Summary Court Bail refused in 
abduction case

Defence anticipates a problem with the charge

Murphy Kencer Powell, 38, appeared in Summary Court on Monday, accused on charges of abduction and unlawful confinement.

Magistrate Nova Hall refused bail after the Crown objected on the basis of the seriousness of the charge and Powell’s record.

Denies allegation

Defence Attorney John Furniss made the bail application, advising that Powell strenuously denied the allegations.

He agreed that abduction is a serious charge, but from the facts as he had seen them, Mr. Furniss said, it appeared there would be a problem with the charge.

Crown Counsel Kenneth Ferguson said the woman who is the complainant met Powell on Saturday, 29 January.

They exchanged phone numbers and met again on Sunday, 30 January in the afternoon.

She left her vehicle at the meeting place and went with him in his truck.

They discussed going to a party in East End, but Powell decided to drive to North Side first.

They stopped at several bars along the way.

Return trip

On the return trip, in the Prospect area, Powell allegedly told her he wanted to go home with her and spend the night.

She declined, saying they had just met and should get to know each other better. Mr. Ferguson said the woman reported that Powell’s demeanour changed suddenly and he became verbally abusive.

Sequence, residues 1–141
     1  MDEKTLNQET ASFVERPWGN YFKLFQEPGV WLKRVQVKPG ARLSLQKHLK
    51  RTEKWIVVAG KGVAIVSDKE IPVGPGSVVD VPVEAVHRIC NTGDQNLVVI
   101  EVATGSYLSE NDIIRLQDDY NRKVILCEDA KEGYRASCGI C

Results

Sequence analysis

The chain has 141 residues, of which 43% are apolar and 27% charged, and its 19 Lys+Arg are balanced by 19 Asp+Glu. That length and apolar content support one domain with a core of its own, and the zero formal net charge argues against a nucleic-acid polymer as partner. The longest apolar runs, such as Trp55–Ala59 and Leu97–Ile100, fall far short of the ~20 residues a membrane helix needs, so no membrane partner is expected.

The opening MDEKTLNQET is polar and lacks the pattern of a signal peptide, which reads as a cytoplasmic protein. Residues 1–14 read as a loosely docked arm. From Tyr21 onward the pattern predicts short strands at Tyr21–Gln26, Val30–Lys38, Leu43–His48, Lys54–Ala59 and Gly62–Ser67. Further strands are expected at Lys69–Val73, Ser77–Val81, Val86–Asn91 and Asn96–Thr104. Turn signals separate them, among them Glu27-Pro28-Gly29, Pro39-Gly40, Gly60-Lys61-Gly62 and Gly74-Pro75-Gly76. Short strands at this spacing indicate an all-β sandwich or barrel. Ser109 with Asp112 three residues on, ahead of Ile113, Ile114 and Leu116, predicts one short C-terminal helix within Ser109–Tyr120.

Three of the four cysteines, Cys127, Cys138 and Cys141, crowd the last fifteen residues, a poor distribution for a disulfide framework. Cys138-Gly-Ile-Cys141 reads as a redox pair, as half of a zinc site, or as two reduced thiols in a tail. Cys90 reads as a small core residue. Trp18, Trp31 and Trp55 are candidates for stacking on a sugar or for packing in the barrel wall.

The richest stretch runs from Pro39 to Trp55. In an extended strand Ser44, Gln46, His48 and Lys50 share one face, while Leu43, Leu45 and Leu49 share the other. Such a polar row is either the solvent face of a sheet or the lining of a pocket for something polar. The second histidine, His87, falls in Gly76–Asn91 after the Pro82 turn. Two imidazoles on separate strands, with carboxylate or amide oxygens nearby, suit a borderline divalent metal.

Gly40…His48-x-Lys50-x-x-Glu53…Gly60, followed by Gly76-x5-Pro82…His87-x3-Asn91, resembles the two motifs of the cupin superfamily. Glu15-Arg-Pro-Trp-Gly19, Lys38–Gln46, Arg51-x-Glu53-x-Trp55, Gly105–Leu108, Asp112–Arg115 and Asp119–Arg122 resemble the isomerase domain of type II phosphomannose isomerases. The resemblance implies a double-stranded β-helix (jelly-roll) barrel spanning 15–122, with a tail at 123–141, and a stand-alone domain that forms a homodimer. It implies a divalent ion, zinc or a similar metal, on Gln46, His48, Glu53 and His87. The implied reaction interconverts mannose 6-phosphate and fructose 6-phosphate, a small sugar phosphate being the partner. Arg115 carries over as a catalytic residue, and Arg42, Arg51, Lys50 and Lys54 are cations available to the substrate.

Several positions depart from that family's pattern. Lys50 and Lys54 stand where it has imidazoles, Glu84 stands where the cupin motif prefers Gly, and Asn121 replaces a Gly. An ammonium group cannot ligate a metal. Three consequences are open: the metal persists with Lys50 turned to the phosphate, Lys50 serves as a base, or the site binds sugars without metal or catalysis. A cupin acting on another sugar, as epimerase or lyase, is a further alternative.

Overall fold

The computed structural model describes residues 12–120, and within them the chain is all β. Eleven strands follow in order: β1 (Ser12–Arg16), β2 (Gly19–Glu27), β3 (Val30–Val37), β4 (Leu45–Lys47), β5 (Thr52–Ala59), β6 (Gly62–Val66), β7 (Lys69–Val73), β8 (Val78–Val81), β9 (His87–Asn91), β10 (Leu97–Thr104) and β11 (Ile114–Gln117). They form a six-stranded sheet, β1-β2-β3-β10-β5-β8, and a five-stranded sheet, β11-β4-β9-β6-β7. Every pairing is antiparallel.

He allegedly told her that if she was not going to put out she should get out. He was allegedly driving erratically at the time.

She jumped

She loosened her seat belt in preparation to jumping out of the moving vehicle.

She was able to reach her cell phone and dial 911 discreetly; as a result, police could listen in on the conversation, Mr. Ferguson reported.

In an area of South Sound, Powell spun around and headed back toward East End, reaching Bodden Town before turning back.

He passed several police vehicles and at least one was following him as he drove toward Savannah. He slowed near Countryside Shopping Village and the woman jumped out.

Powell sped off toward Newlands with police in pursuit.

They made several attempts to find him.

Turned self in

On 14 February, Powell turned himself in to a police station. Mr. Ferguson said Powell admitted going out with the woman and explained that he did not stop to let her out of the truck because he was being chased by police.

Mr. Furniss agreed Powell and the woman did go out to various places. There was a conversation, after which he indicated he would drop her back to where he had picked her up.

It was correct there was a chase and Powell accepted there would be traffic charges against him. However, he maintained that he dropped the woman off the first opportunity he had to slow down. “She got out and he went on his way,” the attorney concluded.

Although abduction is a charge that can be dealt with only in Grand Court, Mr. Furniss asked that it be mentioned again in Summary Court. He questioned whether police had a signed complaint.

The magistrate directed that Powell be returned to court on Thursday, 3 March.